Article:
Published Mar 24, 2013You had to wonder what was going through the minds of the 19-piece children's choir as they stood on stage at the renowned Massey Hall to sing "Jubilee Street." Had they visited YouTube to check out the song's video starring Ray Winstone as a john getting serviced from a, ahem, lady of the night? Nick Cave and the Bad Seeds might not be the first act you'd expect a fifth or sixth grader to play for, but for the sold-out crowd, having the kids from Rose Avenue Junior Public School there made it a night to remember. And no, they took a breather when the band performed "Stagger Lee."
Getting the opportunity to witness the Bad Seeds at the esteemed Massey Hall alone was a monumental occasion, but the weathered Aussies pulled out all of the stops. Along with the choir, which also featured opening act Sharon Van Etten, came a modest string section featuring local wunderkind Owen Pallett, Godspeed You! Black Emperor's Sophie Trudeau and three others during the two-hour set.
Beginning with the opening couple from new album Push the Sky Away, Cave moved like a possessed man on fire, kicking the air and jumping, while reaching into the audience to hold hands of his devoted. His versatility as a frontman found him hopping on and off the piano for a few chords effortlessly. Every now and then he'd check in on the choir, asking, "Y'all right, kids?" like a responsible host. At the same time, he could slip into that prickly reputation of his, naturally slipping a threat into "Higgs Boson Blues" to a "fuckin' photographer" or humiliating a guy drinking in the front row. His partner Warren Ellis entertained with similar gusto, shredding his violin and Fender Duo-Sonic with equal force, while "conducting" the strings with a handful of fist-pumping motions.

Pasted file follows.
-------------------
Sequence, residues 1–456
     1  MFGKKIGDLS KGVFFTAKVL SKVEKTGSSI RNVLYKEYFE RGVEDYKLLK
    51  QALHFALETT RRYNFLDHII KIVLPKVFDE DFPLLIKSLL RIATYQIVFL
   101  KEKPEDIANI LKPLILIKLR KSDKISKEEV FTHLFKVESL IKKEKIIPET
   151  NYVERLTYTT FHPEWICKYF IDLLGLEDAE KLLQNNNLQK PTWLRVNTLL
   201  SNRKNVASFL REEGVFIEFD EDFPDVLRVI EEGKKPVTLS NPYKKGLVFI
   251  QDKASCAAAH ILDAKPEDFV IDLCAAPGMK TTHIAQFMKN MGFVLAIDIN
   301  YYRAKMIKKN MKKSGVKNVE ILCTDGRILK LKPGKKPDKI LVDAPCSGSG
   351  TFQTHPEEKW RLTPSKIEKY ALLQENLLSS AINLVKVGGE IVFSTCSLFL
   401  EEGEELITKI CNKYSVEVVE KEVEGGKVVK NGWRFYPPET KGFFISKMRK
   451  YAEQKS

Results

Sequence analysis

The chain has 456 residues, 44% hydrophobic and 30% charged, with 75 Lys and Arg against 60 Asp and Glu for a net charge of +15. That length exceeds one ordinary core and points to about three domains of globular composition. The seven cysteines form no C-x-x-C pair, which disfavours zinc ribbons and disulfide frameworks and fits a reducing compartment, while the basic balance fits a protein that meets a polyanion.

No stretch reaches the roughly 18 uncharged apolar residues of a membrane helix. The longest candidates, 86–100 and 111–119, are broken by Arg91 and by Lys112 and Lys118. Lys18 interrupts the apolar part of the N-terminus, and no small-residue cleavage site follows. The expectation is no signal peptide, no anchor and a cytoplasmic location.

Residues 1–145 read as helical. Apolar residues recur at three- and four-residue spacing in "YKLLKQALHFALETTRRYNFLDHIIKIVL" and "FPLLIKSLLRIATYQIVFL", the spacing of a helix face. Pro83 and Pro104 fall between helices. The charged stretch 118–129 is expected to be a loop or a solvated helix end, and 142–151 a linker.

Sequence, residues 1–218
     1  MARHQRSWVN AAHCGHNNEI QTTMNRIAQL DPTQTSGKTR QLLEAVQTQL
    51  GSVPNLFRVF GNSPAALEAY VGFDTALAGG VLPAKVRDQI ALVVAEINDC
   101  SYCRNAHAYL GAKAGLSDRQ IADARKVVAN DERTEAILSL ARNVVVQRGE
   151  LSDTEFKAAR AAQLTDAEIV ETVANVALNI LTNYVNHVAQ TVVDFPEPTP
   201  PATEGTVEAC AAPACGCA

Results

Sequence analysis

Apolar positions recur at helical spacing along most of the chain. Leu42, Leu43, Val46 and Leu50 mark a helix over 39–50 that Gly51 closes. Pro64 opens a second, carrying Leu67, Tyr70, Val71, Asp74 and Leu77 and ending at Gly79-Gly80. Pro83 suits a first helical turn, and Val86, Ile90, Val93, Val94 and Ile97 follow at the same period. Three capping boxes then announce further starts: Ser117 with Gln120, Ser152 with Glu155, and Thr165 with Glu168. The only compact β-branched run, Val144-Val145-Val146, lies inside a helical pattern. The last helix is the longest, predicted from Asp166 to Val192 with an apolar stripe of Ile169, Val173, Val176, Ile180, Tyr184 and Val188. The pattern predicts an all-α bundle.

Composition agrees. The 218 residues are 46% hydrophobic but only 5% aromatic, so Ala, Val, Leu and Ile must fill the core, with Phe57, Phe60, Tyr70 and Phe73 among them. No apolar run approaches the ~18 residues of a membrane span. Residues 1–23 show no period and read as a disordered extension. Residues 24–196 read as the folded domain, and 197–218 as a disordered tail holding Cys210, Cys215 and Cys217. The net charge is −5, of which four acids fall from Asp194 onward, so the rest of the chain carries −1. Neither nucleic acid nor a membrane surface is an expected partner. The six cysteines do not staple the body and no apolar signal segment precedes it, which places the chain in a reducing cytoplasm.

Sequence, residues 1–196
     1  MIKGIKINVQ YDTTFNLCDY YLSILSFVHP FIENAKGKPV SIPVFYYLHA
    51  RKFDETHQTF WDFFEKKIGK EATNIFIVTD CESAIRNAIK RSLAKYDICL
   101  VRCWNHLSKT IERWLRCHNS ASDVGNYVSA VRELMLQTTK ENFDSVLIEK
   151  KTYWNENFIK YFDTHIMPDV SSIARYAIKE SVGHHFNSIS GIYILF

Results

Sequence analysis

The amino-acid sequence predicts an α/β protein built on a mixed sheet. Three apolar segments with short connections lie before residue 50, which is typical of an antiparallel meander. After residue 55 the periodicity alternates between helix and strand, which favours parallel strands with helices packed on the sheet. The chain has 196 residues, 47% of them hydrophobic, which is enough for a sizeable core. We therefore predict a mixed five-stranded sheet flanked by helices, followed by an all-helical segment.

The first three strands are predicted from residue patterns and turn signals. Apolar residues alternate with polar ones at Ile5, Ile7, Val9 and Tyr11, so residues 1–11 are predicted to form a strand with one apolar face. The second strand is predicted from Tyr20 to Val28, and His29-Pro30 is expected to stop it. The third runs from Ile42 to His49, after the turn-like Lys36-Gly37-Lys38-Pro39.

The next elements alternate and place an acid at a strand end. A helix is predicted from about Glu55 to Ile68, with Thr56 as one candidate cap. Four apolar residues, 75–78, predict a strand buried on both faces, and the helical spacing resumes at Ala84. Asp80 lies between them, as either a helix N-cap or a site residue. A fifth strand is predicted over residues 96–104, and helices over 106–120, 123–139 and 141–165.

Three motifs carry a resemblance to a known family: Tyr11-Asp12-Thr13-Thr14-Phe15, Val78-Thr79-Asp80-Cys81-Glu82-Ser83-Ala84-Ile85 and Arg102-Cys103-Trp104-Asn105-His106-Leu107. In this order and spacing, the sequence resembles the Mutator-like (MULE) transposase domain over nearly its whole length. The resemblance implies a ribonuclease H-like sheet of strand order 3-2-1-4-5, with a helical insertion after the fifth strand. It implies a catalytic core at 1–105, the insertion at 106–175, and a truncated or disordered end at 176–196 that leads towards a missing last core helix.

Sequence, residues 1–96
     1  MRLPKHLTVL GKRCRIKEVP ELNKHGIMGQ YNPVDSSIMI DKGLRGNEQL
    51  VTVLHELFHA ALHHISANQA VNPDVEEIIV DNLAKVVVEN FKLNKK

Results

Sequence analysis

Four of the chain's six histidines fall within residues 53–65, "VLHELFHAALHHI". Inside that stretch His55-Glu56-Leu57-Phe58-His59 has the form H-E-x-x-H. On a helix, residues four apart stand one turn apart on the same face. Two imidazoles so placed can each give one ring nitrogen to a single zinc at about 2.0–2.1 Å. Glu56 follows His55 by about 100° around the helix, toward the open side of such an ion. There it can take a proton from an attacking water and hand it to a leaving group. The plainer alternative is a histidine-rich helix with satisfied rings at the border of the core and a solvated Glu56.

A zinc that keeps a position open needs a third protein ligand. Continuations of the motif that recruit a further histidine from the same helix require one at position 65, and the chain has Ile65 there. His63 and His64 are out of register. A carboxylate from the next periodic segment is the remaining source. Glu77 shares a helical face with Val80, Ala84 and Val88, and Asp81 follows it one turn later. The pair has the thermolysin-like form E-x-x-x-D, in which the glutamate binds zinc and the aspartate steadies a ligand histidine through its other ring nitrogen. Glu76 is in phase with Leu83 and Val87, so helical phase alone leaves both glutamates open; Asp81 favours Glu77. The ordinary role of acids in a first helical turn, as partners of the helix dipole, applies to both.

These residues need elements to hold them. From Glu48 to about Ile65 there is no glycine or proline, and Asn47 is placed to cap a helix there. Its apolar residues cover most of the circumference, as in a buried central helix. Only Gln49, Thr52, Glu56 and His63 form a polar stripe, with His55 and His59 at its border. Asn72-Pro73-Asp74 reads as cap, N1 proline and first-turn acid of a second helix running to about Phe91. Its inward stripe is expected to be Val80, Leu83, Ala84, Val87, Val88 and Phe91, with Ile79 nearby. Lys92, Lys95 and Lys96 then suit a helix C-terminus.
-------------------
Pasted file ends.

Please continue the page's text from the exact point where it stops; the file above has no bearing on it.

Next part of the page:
Bidding farewell to the choir by saying, "See ya kids! And don't steal the headsets," Cave and the Bad Seeds covered their biggest hits, from "Red Right Hand" and "The Ship Song," to "From Her to Eternity" and a version of "The Mercy Seat" that left everyone feeling abused. It was "Stagger Lee," of course, that left everyone in awe, as Cave ad-libbed, "Here comes the devil with a fuckin' iPhone in his hand," a reference to the constant technology shoved in his face.
Closing with 1985's "Tupelo," Nick Cave and the Bad Seeds brought down the house to a standing ovation people and some die-hards bowing down with praise. For many people, it was one of the best gigs they'd seen this year and possibly even one of the best they'd ever seen. Myself included.
To see Exclaim!'s Nick Cave and the Bad Seeds photo gallery, courtesy of Fil ZuZarte, head here.